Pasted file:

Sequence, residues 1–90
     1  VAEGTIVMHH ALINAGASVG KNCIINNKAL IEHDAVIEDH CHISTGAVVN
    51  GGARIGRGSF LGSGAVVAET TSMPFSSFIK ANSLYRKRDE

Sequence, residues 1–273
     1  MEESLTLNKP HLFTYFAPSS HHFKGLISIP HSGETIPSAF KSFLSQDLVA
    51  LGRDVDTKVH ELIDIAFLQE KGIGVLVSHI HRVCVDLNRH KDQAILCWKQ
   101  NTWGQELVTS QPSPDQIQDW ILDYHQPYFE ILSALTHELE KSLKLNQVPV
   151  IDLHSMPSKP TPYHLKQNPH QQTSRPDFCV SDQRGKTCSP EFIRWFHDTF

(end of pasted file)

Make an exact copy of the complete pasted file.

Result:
Sequence, residues 1–90
     1  VAEGTIVMHH ALINAGASVG KNCIINNKAL IEHDAVIEDH CHISTGAVVN
    51  GGARIGRGSF LGSGAVVAET TSMPFSSFIK ANSLYRKRDE

Sequence, residues 1–273
     1  MEESLTLNKP HLFTYFAPSS HHFKGLISIP HSGETIPSAF KSFLSQDLVA
    51  LGRDVDTKVH ELIDIAFLQE KGIGVLVSHI HRVCVDLNRH KDQAILCWKQ
   101  NTWGQELVTS QPSPDQIQDW ILDYHQPYFE ILSALTHELE KSLKLNQVPV
   151  IDLHSMPSKP TPYHLKQNPH QQTSRPDFCV SDQRGKTCSP EFIRWFHDTF